Incidentally, is there a mandatory uniform for whole food shoppers that I haven't been told about? So why does everybody else have a ragged brown woolly cardigan and a stripy musette and long matted hair and ear-rings pinned through their eyebrows? Eyebrows? Strikes me you'd have to be pretty inept to mistake an ear lobe for an eyebrow. Also why can they never afford socks? And anyway why are they whole food shops? Are there also partial food shops? - Questions, so many questions, Grasshopper.

Saturday, November 21, 2009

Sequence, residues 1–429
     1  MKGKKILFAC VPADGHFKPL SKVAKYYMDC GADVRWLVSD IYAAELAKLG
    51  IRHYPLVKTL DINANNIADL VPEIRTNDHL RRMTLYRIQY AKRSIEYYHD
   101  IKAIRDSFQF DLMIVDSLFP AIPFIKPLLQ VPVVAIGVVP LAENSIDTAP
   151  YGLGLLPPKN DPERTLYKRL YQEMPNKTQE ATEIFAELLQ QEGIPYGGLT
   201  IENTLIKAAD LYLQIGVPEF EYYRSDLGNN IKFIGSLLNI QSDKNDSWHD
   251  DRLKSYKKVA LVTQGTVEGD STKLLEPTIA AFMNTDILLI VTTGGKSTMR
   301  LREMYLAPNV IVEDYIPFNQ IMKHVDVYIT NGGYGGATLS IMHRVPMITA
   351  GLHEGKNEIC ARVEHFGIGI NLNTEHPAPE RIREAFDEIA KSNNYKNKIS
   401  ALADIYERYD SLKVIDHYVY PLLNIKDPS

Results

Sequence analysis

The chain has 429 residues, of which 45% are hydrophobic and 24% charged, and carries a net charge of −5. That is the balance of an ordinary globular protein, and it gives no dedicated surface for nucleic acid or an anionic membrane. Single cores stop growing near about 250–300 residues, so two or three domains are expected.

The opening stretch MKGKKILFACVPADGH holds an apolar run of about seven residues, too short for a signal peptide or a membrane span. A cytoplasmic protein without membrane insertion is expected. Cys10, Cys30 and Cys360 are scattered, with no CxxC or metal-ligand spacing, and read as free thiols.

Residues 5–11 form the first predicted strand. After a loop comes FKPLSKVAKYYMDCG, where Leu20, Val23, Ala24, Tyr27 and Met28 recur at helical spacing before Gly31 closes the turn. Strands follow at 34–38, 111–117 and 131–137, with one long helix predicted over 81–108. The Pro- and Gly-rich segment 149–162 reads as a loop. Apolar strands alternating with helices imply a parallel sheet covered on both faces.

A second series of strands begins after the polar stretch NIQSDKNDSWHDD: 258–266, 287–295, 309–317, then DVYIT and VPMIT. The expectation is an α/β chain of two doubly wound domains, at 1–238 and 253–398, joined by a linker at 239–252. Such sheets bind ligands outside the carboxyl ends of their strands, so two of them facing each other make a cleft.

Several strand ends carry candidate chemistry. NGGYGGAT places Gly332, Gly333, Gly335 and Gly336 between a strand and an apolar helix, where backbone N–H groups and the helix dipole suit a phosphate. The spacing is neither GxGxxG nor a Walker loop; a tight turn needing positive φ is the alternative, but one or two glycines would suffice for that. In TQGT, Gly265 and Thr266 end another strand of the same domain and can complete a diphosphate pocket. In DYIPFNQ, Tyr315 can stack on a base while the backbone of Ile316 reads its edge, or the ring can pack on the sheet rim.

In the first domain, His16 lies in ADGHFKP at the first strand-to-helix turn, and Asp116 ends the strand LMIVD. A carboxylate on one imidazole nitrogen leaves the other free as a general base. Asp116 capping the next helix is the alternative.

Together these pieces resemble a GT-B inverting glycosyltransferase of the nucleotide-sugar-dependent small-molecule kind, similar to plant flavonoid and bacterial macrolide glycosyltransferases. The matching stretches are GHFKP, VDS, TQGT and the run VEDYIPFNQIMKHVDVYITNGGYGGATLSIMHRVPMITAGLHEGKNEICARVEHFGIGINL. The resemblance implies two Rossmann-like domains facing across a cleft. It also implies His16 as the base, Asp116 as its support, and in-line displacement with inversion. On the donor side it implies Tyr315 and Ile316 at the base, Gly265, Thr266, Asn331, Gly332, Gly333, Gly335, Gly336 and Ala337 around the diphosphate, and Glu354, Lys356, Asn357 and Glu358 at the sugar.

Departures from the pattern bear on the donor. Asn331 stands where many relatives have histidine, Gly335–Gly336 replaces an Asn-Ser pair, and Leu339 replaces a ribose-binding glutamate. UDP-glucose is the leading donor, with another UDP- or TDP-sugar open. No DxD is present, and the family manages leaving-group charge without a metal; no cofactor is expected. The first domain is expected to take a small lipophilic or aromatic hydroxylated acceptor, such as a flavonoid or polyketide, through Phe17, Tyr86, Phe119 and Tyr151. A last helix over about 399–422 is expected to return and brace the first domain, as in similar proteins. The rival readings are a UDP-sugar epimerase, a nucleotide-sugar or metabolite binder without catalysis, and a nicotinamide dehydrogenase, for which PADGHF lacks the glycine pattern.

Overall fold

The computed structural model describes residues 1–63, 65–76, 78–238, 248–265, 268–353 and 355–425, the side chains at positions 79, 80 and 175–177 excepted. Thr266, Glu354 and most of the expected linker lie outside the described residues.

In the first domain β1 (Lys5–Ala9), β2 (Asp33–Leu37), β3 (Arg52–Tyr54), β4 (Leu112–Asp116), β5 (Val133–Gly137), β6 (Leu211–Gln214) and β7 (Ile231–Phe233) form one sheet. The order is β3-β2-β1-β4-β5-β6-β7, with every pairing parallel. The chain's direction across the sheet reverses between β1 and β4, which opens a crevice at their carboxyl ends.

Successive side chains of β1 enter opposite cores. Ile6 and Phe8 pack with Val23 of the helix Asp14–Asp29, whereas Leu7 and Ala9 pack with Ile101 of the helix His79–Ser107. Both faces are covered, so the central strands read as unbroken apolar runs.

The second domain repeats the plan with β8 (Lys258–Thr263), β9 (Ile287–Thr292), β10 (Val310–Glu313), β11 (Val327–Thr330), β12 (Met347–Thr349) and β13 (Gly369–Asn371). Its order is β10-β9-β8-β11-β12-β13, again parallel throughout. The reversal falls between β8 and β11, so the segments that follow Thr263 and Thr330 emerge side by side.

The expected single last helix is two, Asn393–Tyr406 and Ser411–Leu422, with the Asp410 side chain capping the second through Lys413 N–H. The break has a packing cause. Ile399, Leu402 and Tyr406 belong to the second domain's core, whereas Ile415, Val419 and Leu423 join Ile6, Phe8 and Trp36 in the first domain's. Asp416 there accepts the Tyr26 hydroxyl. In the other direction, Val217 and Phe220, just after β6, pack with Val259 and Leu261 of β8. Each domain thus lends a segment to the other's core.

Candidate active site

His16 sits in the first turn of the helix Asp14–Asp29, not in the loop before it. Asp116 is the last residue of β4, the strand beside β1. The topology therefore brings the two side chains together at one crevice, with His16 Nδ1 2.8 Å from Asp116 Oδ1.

I have just been visited. By a Christian gentleman. I knew he was a gentleman because he was on a gentleman's mountain bicycle, and although I don't know for certain he was a Christian, he was ugly. He had a shrunken head as if he'd been recently mummified. Half the Christians you meet are ugly: it's why they're Christians in the first place. There were a heap of them in Nottingham when I was young and the university chaplain was the son of the Bishop of Durham and eager to assert the independence of his mind by giving fantastically thought-provoking lectures in the guise of sermons. The congregation overflowed with ugly people in dowdy dresses, along with those who were so old as to be almost dead of course. Whenever he got his father to come and preach the congregation was full of people universally in black with dog-collars on, and they all heckled at the end with polite hatred and he dealt with them swiftly and surely because before he was Bishop of Durham he was a professor of theology and knew more than all of them combined. But it made no difference. They were still half ugly.